Early-bird registrations for the PPG Project Cargo Forwarding Certificate from 17-18 October in Houston during the Breakbulk Americas education program – offering a saving of US$200pp – closes on August 18.
Attendees must book and pay before August 18 for the course that includes a USB Flash Drive with over 70 proven documents and all course presentation slides (value US$500), Breakbulk exhibition hall pass and invitation to the official welcome reception. The training is open to everyone involved with project forwarding services including terminal operators, forwarders and shippers, or new entrants interested in joining the project freight sector. Further information and online registration about the ISO accredited course is available at Project Professionals Group.
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Rub the front hooves and nose of the donkey on the statue in the old market square in Bremen and your dreams will come true in this picturesque German river city according to an old folk story.
The internationally acclaimed bronze sculpture features a donkey with a dog a cat and a rooster standing on top of each other. The fairytale recorded by the Brothers Grimm says all are unwanted and set out for Bremen to live without owners and become musicians. On the way they find a house with a fine table filled with food about to be eaten by a band of robbers. The donkey put his front hooves on the window ledge, the dog jumped on the donkey’s back, the cat climbed on the dog and the cock flew up and sat on the cat’s head. The donkey brayed, the dog barked, the cat miaowed and the cock crowed, and their unusual ‘music’ scared off the robbers.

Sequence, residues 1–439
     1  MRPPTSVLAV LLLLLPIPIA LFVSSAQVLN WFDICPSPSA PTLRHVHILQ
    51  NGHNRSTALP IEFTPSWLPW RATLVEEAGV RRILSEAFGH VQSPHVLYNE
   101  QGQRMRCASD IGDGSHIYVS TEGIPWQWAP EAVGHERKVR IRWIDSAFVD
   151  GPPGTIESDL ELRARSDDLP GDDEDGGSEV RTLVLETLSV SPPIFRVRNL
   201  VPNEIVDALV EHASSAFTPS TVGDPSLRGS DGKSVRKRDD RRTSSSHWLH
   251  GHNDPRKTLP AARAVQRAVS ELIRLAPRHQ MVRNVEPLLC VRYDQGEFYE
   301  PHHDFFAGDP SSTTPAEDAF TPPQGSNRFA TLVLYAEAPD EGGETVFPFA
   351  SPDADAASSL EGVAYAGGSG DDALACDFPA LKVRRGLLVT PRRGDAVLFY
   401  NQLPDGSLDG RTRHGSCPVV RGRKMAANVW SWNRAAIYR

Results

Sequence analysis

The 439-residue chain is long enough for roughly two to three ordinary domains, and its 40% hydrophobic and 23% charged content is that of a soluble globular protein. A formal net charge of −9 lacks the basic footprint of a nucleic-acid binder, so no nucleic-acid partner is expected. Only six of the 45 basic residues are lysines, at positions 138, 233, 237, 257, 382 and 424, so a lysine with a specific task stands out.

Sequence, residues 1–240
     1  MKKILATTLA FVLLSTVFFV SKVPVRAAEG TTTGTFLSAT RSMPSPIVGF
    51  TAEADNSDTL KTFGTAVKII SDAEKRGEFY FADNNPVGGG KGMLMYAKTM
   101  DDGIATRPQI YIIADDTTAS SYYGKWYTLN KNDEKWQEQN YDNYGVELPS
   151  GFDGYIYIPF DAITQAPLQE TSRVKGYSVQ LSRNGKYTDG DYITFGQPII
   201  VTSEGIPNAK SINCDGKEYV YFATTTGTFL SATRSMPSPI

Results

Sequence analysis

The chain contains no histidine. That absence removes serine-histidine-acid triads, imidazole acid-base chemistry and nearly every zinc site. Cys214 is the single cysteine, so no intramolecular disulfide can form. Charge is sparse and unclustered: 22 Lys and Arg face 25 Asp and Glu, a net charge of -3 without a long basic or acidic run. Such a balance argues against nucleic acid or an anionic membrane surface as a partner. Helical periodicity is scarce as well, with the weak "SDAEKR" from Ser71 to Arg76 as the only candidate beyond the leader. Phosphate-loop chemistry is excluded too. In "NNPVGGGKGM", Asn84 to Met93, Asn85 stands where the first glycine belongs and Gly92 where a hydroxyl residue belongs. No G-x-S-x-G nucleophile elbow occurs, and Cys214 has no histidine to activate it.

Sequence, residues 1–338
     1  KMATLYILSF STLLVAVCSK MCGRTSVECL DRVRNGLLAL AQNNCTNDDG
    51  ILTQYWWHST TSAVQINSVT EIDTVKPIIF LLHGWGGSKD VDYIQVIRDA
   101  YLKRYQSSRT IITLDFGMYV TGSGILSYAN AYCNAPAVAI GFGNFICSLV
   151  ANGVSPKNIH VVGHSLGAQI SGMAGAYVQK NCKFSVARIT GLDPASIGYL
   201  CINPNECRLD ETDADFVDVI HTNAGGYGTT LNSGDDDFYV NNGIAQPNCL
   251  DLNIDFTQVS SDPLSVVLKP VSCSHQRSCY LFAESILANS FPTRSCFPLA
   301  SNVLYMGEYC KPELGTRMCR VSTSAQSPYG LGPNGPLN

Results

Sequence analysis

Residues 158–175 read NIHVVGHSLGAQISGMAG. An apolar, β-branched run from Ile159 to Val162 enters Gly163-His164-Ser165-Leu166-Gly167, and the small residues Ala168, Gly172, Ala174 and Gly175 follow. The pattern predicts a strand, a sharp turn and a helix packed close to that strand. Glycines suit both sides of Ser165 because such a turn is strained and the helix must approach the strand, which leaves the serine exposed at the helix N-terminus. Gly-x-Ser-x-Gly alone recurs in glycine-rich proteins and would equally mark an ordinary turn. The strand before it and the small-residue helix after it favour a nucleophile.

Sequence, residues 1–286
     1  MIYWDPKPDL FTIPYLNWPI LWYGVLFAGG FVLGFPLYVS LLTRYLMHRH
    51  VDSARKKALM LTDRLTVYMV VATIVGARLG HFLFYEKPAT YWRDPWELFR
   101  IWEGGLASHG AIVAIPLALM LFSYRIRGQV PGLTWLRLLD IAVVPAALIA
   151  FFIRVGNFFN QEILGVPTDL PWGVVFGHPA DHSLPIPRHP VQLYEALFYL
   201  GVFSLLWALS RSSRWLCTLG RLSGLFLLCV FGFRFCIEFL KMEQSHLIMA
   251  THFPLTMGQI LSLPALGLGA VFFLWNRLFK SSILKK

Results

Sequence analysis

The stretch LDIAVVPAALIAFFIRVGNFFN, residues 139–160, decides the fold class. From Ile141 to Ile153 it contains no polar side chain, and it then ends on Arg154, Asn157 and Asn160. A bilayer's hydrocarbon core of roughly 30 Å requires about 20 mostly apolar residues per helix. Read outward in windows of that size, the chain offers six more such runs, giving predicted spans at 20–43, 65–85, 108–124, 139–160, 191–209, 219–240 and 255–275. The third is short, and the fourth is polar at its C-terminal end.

Known as the Bremen Town Musicians the statue was only erected in 1951 and has surprising pride of place considering this is a fine example of a medieval town. However, you don’t have to go far to experience Bremer Altstadt (old quarter) that includes the Town Hall, a world heritage listed site, built between 1405 and 1410 and regarded as one of the most beautiful buildings of its kind in Germany. Nearby is the Protestant/Lutheran St Peter’s Cathedral with its distinctive Gothic architecture that dates from the first half of the 13th century.
Bremen’s picturesque red-brick old quarter is certainly one of the best preserved of its kind in Europe and home to regular markets, and plenty of restaurants, cafes and shops.
Within walking distance is St Martin’s Quay and the River Weser that also played an important role throughout the history of this seafaring city.
Bremen is known as ‘The village with a tram’ because of its compact size by European standards and its excellent network of transportation via trams. The river pathways, idyllic parks and open space are also a feature and cycling is popular with the area boasting the most cycleways in Europe.
Bremen is also home to Germany’s space industry and two of its famous corporate inhabitants are Mercedes-Benz, who have a factory here, and Beck’s Brewery.